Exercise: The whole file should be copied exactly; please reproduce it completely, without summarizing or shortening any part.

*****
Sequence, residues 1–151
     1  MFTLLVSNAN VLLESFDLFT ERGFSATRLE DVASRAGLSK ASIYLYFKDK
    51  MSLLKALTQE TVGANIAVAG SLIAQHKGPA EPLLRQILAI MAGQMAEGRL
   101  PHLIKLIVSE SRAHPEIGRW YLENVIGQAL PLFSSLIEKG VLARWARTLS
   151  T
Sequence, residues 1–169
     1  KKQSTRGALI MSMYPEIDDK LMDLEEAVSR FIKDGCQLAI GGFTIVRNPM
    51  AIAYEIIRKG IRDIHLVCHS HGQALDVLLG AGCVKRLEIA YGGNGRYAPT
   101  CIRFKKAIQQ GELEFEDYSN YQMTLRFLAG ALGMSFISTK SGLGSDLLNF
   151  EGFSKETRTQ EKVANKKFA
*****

Sequence, residues 1–151
     1  MFTLLVSNAN VLLESFDLFT ERGFSATRLE DVASRAGLSK ASIYLYFKDK
    51  MSLLKALTQE TVGANIAVAG SLIAQHKGPA EPLLRQILAI MAGQMAEGRL
   101  PHLIKLIVSE SRAHPEIGRW YLENVIGQAL PLFSSLIEKG VLARWARTLS
   151  T
Sequence, residues 1–169
     1  KKQSTRGALI MSMYPEIDDK LMDLEEAVSR FIKDGCQLAI GGFTIVRNPM
    51  AIAYEIIRKG IRDIHLVCHS HGQALDVLLG AGCVKRLEIA YGGNGRYAPT
   101  CIRFKKAIQQ GELEFEDYSN YQMTLRFLAG ALGMSFISTK SGLGSDLLNF
   151  EGFSKETRTQ EKVANKKFA